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Exotic, elusive, and dangerous, snakes have fascinated humankind for millennia. They can be hard to find, yet their...
Researchers have sequenced and analyzed the first two snake genomes, which represent two evolutionary extremes. The...
Snake venoms are remarkably complex mixtures that can stun or kill prey within minutes. But more and more researchers...
At age 30, Dutch biologist Freek Vonk has built up a respectable career as a snake scientist. But in his home country,...
Since arriving on the island of Guam in the 1940s, the brown tree snake ( Boiga irregularis ) has extirpated native...
An animal rights group known as the Nonhuman Rights Project filed lawsuits in three New York courts this week in an...
Researchers have been hot on the trail of the elusive Denisovans, a type of ancient human known only by their DNA and...
Thousands of scientists in the Russian Academy of Sciences (RAS) are about to lose their jobs as a result of the...
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Transgenic Potato Row Explodes in London
12 February 1999 7:00 pm
The controversy in Britain over genetically modified food reached a new high today, after 21 European and American scientists released a memorandum supporting a scientist who was suspended last year for sounding a premature alarm about the health threat of genetically altered potatoes. Their action prompted members of the British House of Commons to urge a moratorium on genetically modified food.
The Rowett affair erupted on 10 August, when Arpad Pusztai of the Rowett Research Institute in Aberdeen, Scotland, appeared on Granada's TV show "World in Action" and declared that transgenic potatoes had stunted growth in rats that had eaten them for 110 days (Science, 21 August 1998, p. 1124). The potatoes contained a gene encoding a lectin, a protein that deters insects in some plants. The world press immediately besieged Pusztai's institute, but 2 days later, the institute's director, Philip James, said Puzstai's data turned out to be "a total muddle." The disconcerting conclusions, James said, were based on experiments with nontransgenic potatoes.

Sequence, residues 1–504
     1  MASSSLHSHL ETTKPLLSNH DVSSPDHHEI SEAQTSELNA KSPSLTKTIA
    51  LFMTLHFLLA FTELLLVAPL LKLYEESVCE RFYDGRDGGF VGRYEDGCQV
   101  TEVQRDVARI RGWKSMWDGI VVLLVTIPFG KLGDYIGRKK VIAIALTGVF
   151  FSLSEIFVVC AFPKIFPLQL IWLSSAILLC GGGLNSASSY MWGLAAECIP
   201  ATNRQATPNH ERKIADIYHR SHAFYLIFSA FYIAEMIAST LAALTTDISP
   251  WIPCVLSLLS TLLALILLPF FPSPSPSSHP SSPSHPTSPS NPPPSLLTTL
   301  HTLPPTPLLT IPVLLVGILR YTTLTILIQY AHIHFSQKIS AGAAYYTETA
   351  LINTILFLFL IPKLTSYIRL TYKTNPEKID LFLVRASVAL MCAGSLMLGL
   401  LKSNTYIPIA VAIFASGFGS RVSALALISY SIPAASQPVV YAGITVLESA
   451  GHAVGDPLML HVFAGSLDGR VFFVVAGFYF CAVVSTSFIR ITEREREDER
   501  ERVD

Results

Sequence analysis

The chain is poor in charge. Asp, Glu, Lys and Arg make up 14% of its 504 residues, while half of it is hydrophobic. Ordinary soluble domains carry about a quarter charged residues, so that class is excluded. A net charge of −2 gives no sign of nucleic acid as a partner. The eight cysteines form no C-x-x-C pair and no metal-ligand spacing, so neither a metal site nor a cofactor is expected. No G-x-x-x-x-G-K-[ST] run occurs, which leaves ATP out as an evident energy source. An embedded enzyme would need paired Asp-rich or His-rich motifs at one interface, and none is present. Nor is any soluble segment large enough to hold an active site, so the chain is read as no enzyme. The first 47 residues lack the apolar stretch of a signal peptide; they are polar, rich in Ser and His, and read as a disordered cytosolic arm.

The institute suspended Pusztai and confiscated the data for investigation by a four-member audit committee. Their report, released on 28 October, acknowledged that Pusztai had in fact carried out experiments with lectin-transgenic potatoes, but concluded that the results did not support the suggestion that the potatoes affected growth, organ development, or immune function in rats.
Pusztai, who was forbidden by Rowett to talk to the press, last fall sent copies of the audit report and his own rebuttal to dozens of scientists, asking them to review the documents. The responses, presented today at a press conference in the House of Commons, conclude that the transgenic potato did affect the rats' immune systems and slowed their growth. The data in the audit report, the reviewers say, "appeared to be arbitrarily selected and biased towards brushing aside the conclusions of the experimental findings." The audit committee's chair, Rowett senior scientist Andrew Chesson, says he stands by his report but doesn't want to discuss the reviewers' findings, to avoid a debate about raw data in the press.
The new analyses of Pusztai's data immediately led Labour MP (Member of Parliament) Alan Simpson to demand a "complete moratorium" on genetically modified food--a measure British Prime Minister Tony Blair said in a radio interview he wasn't ready to take. Simpson also demanded to know why Rowett silenced Pusztai. "If the data are now being corroborated, someone has to explain the basis upon which his research was suppressed," he says.